My car’s radio signal for Boston sports talk succumbs to static about an hour’s drive south of Bob Bahre’s historic estate in northern New England. A few seconds later, it’s replaced with the Southern twang of an unidentifiable country music singer’s woeful ballad. “So much for that,” I think, as I approach the location of Bahre’s auto collection, which is housed in a showroom set on the edge of the White Mountains. As I pass snowmobile repair shops and moose crossing signs, one thing becomes clear: this highly regarded auto collection is not easily discovered.
Bahre did not plan to establish a 60-car collection in such a remote location. Instead, the collection materialized gradually over time, and like so many other collectors, Bahre realized one day (several years into the process) that he was well on his way to creating something special. “It just gradually came about,” he says. “I never said, ‘Gee, I want to build a great collection.’ It just seemed to happen.”
Most people know Bob Bahre’s name—if they know of him at all—for his connection to the New Hampshire Motor Speedway, a racetrack that’s located about an hour’s drive north of Boston and heralded as New England’s largest sports and entertainment venue. Bahre and his son built the speedway in the late 1980s and owned it until January 2008. Classic car enthusiasts may recognize Bahre’s name from various concours programs over the last couple of decades (he’s one of only two collectors who have shown a car at the Amelia Island Concours d’Elegance every year since it began in 1996). Locals, on the other hand, have enjoyed an up-close view of the cars in his collection on the one day each year that Bahre opens his showroom’s doors to raise money for a nearby charity.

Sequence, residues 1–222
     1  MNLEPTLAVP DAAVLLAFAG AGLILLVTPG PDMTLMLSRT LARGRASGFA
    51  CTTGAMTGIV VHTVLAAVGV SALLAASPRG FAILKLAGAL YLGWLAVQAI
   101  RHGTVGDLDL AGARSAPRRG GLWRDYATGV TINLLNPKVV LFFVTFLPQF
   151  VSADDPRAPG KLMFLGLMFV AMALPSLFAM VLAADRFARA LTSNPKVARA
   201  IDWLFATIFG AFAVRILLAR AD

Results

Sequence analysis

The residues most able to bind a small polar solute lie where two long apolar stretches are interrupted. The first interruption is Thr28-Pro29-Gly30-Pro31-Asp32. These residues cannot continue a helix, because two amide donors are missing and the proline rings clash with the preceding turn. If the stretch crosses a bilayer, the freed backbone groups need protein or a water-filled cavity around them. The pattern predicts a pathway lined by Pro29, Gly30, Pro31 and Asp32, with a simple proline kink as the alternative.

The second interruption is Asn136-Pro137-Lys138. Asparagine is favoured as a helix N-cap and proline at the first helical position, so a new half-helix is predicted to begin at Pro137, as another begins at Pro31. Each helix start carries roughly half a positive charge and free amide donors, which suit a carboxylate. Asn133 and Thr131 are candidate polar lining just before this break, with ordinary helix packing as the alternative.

Every other day of the year, however, the 86-year-old collector aims to avoid the spotlight. One of the only times that Bahre purchased a car at auction, he swiftly evacuated the premises, leaving TV and newspaper reporters to speculate on the identity of the collector who had just made the record-setting purchase. And when his cars win awards, as they often do (Bahre has claimed 10 victories at the Pebble Beach Concours d’Elegance, as well as many awards at Amelia Island over the years), it’s Bahre’s collection manager, Jeff Orwig, who’s behind the wheel and later up on stage accepting the honors on Bahre’s behalf.
During a recent interview with Bahre in his 9,000-square-foot showroom, the grandfatherly collector reflected on decades spent collecting and restoring valuable American and European classics, sharing numerous stories that support his belief that any car is obtainable. Acquiring those hard-to-get vehicles simply requires the right amount of persistence . . . and plenty of patience.